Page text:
Over the past two decades, there has been a vast influx of Somali refugees and immigrants making their new homes in Minnesota, with the overwhelming majority residing in the Twin Cities of Minneapolis and St. Paul.
While official estimates indicate that less than 60,000 Somalis are in Minnesota, it is well accepted that there are, in fact, closer to 70,000 – 85,000. It is difficult to pinpoint the exact number due to limitations in census data collection and the continual growth resulting from such factors as secondary migration.
Since Minnesota has welcomed African immigrants, family members who live in other states within the U.S. and Canada continue to join many newly arrived families already in St. Paul and Minneapolis. The prospect of Somali immigrants and refugees returning to their homelands is unlikely.
Continuing war, civic strife and economic crises make the outlook for return to Somalia bleak indeed. Therefore it is important that Minnesota continue to embrace and welcome Somalis into the community and assist in their acculturation process.
Health and Acculturation
The challenges facing Somali immigrants and refugees in the Twin Cities are complex and their needs are great. Besides facing enormous cultural and language differences, African immigrants and refugees contend with racism, often have limited literacy skills, and hold jobs where they barely earn minimum wage and have difficulty providing for their families.
It is particularly difficulty in cultures such as Somali where adults are not accustomed to learning from children. When children have English language proficiency and parents don’t, this creates an imbalance of power in the family, which makes parenting and acculturation very stressful and confusing.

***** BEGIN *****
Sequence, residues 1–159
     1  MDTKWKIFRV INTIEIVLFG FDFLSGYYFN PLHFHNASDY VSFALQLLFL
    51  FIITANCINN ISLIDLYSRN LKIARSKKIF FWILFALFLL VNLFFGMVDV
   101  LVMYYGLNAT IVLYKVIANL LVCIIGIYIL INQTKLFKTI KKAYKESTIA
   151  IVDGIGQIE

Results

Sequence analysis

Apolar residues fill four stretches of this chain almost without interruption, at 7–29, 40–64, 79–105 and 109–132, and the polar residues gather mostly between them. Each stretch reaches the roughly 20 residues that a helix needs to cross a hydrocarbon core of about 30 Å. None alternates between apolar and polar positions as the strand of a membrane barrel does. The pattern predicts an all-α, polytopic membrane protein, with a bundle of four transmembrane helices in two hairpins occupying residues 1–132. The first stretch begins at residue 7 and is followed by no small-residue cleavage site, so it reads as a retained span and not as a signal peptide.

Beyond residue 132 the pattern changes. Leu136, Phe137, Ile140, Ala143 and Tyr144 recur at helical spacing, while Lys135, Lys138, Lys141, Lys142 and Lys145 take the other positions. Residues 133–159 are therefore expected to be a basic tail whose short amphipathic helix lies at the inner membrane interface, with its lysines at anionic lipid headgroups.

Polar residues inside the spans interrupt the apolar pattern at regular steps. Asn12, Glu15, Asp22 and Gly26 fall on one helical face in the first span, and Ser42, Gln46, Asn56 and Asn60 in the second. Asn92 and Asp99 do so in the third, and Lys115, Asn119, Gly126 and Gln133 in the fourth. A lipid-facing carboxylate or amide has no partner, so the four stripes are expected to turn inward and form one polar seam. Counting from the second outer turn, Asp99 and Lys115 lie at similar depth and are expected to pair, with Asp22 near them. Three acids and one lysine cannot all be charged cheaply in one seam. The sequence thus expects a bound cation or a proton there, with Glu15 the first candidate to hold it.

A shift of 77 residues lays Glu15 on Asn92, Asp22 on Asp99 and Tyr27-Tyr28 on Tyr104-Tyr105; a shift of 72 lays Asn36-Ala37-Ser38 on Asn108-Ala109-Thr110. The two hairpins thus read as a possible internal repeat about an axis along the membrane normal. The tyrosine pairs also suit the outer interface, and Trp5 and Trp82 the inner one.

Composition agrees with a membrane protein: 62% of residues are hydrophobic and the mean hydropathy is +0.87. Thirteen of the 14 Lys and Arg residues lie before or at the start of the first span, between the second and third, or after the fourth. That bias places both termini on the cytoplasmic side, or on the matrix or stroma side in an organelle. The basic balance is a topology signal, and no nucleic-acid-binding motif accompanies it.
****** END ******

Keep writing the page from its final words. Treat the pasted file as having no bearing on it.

Another dynamic in families occurs when a parent, usually the father, has lost his stable role as primary breadwinner. When resettling in a different culture, previous work skills are often not easily transferable.
As a result it is often very difficult for a parent with little or no English language ability to secure a job. When parents require financial assistance from the government they usually feel distressed that they are not providing for their families. This can lead to feelings of guilt, humiliation, and worthlessness.
Many Somalis with mental illness are socially isolated. The pain of this isolation is felt intensely because Somali culture is traditionally communal and family oriented. While a person with mental illness may be ostracized from the community, their fear of stigma may be even more powerful.
Whether the ostracism is created by the community or self-imposed due to anticipated negative responses, social isolation creates a profound worsening of mental illness. This social isolation can be very disorienting and can make the process of healing very difficult. In fact, even without prior mental health problems, isolation from community alone can contribute to the development of depression and mental illness.
Impact of War Trauma
The U.S. Surgeon General’s report Mental Health: Culture, Race, Ethnicity – Supplement highlighted the overwhelming burden of mental illness that racial and ethnic minorities face compared to their American counterparts.
Immigrants and refugees often have encountered additional stressful events that contribute to mental illness or adjustment problems. Immigrants and refugees experience multiple losses including loss of homeland and loss of loved ones.
Immigrants, and most certainly refugees, have likely endured one or more of the following traumatic events prior to resettlement: malnutrition or famine, violence, political persecution and torture. Often trauma goes untreated until long after resettlement. Past trauma and current adjustment challenges increase the risk of developing behavioral and mental health problems.
Psychosocial support during the acculturation process increases the likelihood of positive adjustment and cultural adaptation. Providing mental health treatment in the context of culture and religion creates a familiarity important for engaging the community and has proven to be effective.
The need for more effective mental health services for Somalis is great. Expanding the capacity of Somali and mainstream mental health providers should continue to be a primary focus for our mental health service systems here in Minnesota. Improving our ability to meet the needs of the Somali community is principal as we hold them as legitimate and permanent members of our community.
by Mohamoud A. Hussein MA Health and Human Service Administration
Clinical Social Worker (LGSW)
Department of Health and Human Services. (1999). Mental Health: A Report of the Surgeon General. Rockville, MD: Author.
Photo credit: Mohamoud Hussein, empowermagazine